No one protected this 15-year-old migrant worker who fell 50 feet to his death from a roof in Alabama where he was laying down shingles, according to a New York Times investigation. The Times also reported on a 14-year-old food delivery migrant worker who was killed when hit by a car while on his bike at a Brooklyn intersection; a 16-year-old migrant who was crushed under a 35-ton tractor-scraper outside Atlanta; and a 14-year-old migrant youth killed in a landscaping job.

What are these kids doing working dangerous jobs? Sending money back home — to Guatemala, Honduras, Venezuela and other parts of impoverished Latin America. We’re talking about thousands of migrant children coming into the United States without their parents. They’re coming in record numbers, living with sponsors who may or may not keep tabs on them, and many have worked on products for big-brand corporations such as Whole Foods, Walmart, J. Crew, Frito-Lay, Ford and General Motors.

Migrant pre-teens and teens don’t work on the payroll of these big brands, and a number of the brands don’t even know under-age kids are working punishing shifts and jobs in their workplaces. Contractors and staffing agencies hire the youth eager to make money to send to their families sometimes thousands of miles away. It’s not unusual to find them working nights after school with no safety training or safety equipment. Middlemen dipping into this shadow workforce of vulnerable youth are often not thinking “safety first” if at all.

Said one Florida middle school teacher in the Times article: “They should not be working 12-hour days, but it’s happening here.”


The numbers keep climbing

About two-thirds of all unaccompanied migrant children ended up working full-time, caseworkers interviewed by the Times estimated. Last year, the number of unaccompanied minors entering the U.S. increased to 130,000, three times what it was five years ago. In the past two years, 250,000 unaccompanied minors have come into the country.

Of course, there are child labor laws on the books, and federal laws that bar minors from a long list of dangerous jobs such as roofing, meat processing and commercial baking. Except on farms, children under16 are not supposed to work for more than three hours or after 7 pm on school days.

The Labor Department, charged with finding and punishing child labor violations, is so short of inspectors in a dozen states understaffed offices can barely keep up with complaints, let along open original investigations. Companies often ignore young faces in their back rooms or factory floors. Schools, meanwhile, often decline to report apparent labor violations believing it will hurt children more than help. And the Department of Health and Human Services… well, as an official with another federal agency involved in immigration cases told the Times, “as the government, we’re turned a blind eye to labor trafficking.” Willful neglect all around. Compounded by the breakdown of systems meant to protect children.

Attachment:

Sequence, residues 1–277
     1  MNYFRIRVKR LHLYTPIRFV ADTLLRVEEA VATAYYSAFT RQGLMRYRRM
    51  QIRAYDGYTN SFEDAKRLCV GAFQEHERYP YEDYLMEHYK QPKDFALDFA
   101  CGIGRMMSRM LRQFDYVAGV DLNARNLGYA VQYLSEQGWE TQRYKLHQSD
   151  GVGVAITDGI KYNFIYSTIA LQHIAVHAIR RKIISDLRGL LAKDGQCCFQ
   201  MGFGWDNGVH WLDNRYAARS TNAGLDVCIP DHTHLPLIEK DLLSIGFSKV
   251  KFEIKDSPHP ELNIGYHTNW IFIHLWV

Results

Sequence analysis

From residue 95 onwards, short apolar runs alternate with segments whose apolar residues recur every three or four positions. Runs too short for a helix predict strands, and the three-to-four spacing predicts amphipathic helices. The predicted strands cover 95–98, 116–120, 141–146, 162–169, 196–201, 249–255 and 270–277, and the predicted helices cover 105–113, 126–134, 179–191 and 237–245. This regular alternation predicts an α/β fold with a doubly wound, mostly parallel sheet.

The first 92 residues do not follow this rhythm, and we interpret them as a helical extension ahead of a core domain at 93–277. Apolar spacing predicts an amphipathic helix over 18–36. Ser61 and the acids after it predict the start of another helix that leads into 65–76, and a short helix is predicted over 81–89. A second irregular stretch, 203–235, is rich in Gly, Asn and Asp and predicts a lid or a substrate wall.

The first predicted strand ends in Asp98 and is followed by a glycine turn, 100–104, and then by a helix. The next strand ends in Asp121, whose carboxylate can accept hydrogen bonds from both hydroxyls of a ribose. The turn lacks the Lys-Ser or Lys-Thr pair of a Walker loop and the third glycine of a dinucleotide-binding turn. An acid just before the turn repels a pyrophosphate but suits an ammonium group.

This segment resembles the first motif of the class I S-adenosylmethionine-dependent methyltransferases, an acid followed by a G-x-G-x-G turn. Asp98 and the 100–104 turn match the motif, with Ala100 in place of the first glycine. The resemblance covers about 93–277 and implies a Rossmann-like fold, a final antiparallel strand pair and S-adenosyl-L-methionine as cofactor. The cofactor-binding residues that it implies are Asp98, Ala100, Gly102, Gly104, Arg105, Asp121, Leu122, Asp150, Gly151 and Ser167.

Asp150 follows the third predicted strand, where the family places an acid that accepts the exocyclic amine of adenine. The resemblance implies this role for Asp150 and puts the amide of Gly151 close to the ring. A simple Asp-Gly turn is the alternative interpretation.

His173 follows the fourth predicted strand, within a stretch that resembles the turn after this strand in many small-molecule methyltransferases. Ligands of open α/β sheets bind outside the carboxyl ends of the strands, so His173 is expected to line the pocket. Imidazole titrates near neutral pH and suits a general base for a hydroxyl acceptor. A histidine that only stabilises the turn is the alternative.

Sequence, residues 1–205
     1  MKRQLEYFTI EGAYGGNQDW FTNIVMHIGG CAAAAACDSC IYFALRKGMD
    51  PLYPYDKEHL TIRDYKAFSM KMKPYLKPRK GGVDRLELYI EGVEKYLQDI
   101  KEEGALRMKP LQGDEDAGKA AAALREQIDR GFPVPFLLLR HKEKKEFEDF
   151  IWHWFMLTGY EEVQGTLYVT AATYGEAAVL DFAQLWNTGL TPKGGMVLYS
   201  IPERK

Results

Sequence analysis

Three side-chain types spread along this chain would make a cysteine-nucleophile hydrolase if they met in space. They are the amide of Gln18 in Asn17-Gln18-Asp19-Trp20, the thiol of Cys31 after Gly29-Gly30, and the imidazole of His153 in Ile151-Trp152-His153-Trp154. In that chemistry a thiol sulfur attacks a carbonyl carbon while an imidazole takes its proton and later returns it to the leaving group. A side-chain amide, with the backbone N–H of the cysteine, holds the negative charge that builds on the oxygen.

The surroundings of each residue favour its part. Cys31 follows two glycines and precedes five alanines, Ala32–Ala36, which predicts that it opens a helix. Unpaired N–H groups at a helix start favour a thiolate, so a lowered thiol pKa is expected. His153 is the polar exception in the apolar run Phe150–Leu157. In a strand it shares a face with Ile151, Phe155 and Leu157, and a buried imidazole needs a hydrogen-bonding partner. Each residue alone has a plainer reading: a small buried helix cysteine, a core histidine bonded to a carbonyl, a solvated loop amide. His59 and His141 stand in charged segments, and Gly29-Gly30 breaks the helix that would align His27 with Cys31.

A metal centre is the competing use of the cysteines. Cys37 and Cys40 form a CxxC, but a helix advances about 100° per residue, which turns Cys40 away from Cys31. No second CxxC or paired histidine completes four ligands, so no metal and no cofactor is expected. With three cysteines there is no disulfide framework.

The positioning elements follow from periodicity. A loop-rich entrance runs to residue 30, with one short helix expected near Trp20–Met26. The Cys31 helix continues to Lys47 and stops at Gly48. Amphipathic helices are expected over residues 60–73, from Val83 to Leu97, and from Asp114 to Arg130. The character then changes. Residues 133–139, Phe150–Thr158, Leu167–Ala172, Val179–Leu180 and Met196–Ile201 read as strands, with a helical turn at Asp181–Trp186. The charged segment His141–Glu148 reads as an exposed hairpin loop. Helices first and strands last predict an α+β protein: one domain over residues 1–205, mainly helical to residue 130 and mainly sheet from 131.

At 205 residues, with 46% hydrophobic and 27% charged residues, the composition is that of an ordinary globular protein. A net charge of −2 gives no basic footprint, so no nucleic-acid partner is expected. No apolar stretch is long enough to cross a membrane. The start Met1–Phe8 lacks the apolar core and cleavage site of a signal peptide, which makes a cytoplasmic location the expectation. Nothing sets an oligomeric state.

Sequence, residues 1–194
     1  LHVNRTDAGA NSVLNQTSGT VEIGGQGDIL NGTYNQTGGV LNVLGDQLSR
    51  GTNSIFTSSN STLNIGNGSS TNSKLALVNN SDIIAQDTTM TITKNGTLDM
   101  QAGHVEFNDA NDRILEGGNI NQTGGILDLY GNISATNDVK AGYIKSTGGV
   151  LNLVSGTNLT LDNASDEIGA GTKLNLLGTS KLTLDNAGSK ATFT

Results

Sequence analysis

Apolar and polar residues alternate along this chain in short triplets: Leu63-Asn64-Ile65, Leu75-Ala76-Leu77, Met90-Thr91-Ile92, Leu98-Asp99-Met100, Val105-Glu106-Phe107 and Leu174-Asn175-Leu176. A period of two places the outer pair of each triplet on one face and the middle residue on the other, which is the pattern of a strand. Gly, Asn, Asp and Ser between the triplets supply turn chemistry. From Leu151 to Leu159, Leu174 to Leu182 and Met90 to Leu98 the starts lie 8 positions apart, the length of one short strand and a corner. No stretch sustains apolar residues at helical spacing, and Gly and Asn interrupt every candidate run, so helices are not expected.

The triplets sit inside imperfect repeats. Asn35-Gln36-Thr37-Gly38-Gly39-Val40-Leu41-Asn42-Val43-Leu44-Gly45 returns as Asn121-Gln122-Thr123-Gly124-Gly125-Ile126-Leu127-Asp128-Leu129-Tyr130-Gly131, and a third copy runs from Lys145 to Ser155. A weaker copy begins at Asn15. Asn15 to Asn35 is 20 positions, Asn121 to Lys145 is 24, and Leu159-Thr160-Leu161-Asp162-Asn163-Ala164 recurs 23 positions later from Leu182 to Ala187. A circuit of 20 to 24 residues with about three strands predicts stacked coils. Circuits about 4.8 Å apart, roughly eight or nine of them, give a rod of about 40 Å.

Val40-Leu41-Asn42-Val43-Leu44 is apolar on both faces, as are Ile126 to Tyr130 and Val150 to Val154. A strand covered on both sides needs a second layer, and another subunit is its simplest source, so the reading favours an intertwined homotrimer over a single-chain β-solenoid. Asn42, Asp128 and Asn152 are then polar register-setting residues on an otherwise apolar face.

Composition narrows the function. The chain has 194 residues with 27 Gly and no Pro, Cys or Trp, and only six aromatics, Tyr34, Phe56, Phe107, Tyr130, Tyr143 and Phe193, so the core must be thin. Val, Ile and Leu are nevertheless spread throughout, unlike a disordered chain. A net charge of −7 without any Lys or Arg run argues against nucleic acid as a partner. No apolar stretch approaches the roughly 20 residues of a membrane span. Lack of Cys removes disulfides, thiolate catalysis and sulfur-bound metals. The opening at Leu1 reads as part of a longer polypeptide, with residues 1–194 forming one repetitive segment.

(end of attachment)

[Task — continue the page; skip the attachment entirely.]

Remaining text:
Dirty, dangerous work

The result: 13-year-olds working in meat plants; 12-year-olds working at suppliers for Hyundai and Kia; a 13-year-old works 12-hour shifts, six days a week, at an egg farm; a 14-year-old working on a dairy farm crushes his hand in a milking machine in the first month on the job; children tending giant ovens to make Chewy and Nature Valley granola bars and pack bags of Lucky Charms and Cheetos; children sawing plants of wood on overnight shifts in South Dakota; migrant children cleaning a slaughterhouse run by JBS, the world’s largest meat processor. Labor inspectors responding to a tip found 22 Spanish-speaking children working for the company hired to clean a JBS plant. JBS told the Times it had been unaware that children were scouring the facility each night. JBS fired the cleaning contractor. Other big brands said they were scrutinizing their supply chains for labor law violations.

Hundreds of thousands of migrant youths are trapped and exploited. Sent off many times by destitute families who put intense pressure on sons and daughters to send home money. Taken in by poorly-vetted sponsors in the U.S. who in some cases have turned housing migrant children into a business – charging them for smuggling fees, rent and living expenses. One sponsor sent threatening text messages to a 13-year-old: “Don’t mess with me,” the sponsor wrote. “You don’t mean anything to me.” Federal agencies charged with oversight of migrant children are understaffed, overwhelmed, and often just pass the buck. An HHS hotline set up for minors to call in problems has operators pass reports to law enforcement and other local agencies because, HHS told the Times, it does not have authority to remove children from homes. Law enforcement often fails to follow up. OSHA has fined a few companies, but mostly does its usual hit-or-miss field work with limited resources. A safety net with many holes.

Many of the youth interviewed by the Times are older than their years. Independent. Determined. Resourceful. Tough – many coming back from injuries to work again. Hardened by disappointments, scams, and incompetence. Carrying the responsibility of supporting families, sometimes demanding families, back home.

When no one is watching your back — and your safety — you better hard, determined and resilient.